What's in a name?
What’s in a name?
In recent weeks if that name was Ciara or Dennis, the answer is death, destruction and misery.
With all of this enforced time at home indoors and thumb-twiddling not my forte, I started to think about why we give storms human names. I mean, what is it like for all the Dennises and Ciara’s to have to sit there and watch as this elemental force is busy trashing a hitherto calm and peaceful reputation?
Apparently, the Met Office have a list of names for storms that come off of the Atlantic with an amber or red warning that are in alphabetical order and alternate their gender, so Ellen and Francis – you’re next I’m afraid!
The reason we humanise storms like this is so that people will take note more and perhaps take precautions if they think a ‘bogeyman’ is coming, rather than something scientific like Storm A‑154G. If you’re unlucky enough to share your name with one of these blustery buggers, feel reassured that you’re taking one for the team.
Tell that to all the Katrina’s, whose name has tanked in popularity in recent years according to the Huffington Post. Before 2005 Katrina was the 254th most popular – these days, it ranks at around the 2750 mark. Take heart though that there is still some way to go before you hit the lows of a certain name that ceased being popular around 1945. Even now, I clearly can’t bring myself to write it down.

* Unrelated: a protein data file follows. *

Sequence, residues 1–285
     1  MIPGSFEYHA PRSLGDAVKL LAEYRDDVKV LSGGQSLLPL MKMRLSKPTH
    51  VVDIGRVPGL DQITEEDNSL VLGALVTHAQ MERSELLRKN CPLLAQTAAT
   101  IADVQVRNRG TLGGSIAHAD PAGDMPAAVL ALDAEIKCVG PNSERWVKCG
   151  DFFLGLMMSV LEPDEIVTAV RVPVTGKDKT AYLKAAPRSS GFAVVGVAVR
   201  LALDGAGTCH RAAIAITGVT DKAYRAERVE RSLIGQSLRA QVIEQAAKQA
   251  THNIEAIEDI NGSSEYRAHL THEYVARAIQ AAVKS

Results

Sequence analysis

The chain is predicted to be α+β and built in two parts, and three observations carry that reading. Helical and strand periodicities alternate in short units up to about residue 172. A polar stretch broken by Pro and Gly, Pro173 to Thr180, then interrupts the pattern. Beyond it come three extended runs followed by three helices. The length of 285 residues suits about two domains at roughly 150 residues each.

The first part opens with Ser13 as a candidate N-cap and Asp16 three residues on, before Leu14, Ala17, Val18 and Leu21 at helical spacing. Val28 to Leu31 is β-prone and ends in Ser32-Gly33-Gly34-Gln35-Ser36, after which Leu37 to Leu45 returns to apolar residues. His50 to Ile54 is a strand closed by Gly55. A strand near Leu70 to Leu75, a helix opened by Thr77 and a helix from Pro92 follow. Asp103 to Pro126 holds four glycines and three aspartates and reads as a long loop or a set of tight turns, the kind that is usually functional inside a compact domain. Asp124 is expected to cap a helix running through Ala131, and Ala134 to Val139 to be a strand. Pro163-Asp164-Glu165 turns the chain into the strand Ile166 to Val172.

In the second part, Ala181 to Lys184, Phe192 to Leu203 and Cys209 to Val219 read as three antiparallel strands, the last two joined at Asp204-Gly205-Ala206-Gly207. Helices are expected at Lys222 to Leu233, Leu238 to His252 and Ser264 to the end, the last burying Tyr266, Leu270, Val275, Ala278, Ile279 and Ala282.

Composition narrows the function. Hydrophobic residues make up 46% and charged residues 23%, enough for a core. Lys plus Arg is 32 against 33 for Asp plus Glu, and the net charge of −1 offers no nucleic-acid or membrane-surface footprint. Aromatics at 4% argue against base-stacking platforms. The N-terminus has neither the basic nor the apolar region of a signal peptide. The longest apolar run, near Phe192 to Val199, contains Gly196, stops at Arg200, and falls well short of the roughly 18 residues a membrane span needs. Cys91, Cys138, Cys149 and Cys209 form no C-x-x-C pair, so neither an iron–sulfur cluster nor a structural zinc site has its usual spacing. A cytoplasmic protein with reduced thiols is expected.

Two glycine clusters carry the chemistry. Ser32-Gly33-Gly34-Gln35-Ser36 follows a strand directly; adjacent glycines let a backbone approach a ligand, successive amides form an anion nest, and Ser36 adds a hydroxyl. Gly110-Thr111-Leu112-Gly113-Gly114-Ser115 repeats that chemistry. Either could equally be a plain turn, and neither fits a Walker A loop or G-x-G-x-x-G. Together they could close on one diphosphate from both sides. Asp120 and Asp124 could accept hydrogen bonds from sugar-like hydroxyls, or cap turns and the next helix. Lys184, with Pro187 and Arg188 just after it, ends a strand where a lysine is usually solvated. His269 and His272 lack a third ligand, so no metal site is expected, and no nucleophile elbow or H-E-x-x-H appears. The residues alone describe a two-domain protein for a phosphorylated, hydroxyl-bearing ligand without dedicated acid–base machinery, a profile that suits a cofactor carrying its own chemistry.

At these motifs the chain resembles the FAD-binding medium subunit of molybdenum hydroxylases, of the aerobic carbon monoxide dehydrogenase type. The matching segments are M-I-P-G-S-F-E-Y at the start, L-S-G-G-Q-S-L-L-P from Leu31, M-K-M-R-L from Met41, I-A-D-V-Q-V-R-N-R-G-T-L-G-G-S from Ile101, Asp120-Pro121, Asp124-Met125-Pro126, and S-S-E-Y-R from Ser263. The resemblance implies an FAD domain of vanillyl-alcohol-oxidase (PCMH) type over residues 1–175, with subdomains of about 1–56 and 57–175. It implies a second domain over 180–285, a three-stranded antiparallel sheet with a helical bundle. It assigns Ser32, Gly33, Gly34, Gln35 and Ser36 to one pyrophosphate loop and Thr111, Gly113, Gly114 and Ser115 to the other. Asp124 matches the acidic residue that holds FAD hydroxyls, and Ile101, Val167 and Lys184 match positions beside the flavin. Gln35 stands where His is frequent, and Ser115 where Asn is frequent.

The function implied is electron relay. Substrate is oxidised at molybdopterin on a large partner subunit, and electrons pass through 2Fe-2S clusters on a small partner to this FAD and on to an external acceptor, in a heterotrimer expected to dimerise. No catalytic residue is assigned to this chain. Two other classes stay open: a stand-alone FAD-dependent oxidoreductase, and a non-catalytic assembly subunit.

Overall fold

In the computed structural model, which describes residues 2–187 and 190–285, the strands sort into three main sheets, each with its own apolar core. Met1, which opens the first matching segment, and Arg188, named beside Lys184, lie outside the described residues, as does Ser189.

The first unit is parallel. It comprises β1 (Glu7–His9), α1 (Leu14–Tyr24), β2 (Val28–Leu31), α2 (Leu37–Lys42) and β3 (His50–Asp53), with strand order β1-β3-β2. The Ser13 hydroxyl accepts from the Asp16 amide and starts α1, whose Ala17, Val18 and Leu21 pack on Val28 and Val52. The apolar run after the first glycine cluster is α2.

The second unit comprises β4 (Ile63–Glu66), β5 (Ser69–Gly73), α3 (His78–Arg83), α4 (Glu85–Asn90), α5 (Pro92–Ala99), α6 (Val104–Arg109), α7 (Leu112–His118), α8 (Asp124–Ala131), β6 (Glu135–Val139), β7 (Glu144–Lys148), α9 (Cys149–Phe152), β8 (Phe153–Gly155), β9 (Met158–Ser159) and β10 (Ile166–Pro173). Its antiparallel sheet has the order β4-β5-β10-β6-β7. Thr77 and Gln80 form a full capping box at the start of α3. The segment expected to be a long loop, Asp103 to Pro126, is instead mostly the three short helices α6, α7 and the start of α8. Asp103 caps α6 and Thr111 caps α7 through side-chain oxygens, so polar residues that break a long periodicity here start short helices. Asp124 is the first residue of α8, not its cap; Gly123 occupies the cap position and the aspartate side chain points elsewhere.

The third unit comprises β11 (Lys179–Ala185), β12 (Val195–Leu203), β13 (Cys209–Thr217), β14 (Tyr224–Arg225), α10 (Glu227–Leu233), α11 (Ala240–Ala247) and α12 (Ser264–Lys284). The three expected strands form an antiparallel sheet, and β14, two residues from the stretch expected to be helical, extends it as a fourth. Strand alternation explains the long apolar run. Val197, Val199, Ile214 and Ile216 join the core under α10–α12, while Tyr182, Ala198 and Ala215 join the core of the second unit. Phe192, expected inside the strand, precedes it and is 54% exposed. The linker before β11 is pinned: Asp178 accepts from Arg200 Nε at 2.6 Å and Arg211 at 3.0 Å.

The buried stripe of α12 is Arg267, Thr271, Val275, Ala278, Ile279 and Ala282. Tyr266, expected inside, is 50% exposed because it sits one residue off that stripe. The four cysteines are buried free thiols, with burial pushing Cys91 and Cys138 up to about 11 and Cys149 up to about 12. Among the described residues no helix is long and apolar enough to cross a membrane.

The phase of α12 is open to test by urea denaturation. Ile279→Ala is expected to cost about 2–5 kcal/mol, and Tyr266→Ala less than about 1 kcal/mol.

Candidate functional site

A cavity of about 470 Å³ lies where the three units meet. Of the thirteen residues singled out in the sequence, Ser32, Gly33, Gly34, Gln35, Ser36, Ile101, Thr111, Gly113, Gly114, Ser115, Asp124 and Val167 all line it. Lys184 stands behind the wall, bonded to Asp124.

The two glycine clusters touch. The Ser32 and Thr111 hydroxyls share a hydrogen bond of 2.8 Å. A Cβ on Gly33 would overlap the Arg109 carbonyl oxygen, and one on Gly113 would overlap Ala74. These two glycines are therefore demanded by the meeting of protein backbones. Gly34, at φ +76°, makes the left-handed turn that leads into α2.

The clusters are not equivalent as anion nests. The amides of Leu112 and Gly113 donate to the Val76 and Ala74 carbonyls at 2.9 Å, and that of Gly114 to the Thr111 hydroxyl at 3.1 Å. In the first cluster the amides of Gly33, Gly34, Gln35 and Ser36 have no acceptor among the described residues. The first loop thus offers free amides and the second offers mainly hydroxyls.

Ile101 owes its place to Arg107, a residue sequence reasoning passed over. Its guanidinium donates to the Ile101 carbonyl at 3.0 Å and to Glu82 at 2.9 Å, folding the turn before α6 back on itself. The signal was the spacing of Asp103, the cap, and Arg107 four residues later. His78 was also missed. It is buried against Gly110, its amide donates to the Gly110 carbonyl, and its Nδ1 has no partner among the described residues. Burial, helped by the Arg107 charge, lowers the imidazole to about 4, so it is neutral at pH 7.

One name that has taken the world by storm if you like, is Greta. Thunberg to be more exact. Or Greta Tintin Eleonora Ernman Thunberg if you want to be precise. Yes, I did just say Tintin.
Or maybe it’s just Sharon these days if you follow her on Twitter. Plenty of people do.
Greta is a personal hero it has to be said. Her Ted talk about climate change and fossil fuels that she delivered back in 2018 still moves me to tears. How can one so young be so wise? Seventeen years old and taking on the U.N. and assorted World leaders, but most astonishing, able to mobilise millions of children around the world to put down the remote for the X‑Box and take part in the School Strike for Climate by setting an example that clearly resonated.
Perhaps giving an extreme weather event a human name is not such a bad thing. Maybe it’s also a reminder that if we want to change things we don’t like, we have a personal responsibility to act.
So, what’s in a name? I guess it’s all about how we behave and what people call us behind our back rather than to our front.
And having parents with a sense of humour enough to call you Tintin, it comes as no surprise to me that Greta is also an anagram of great. Here’s hoping…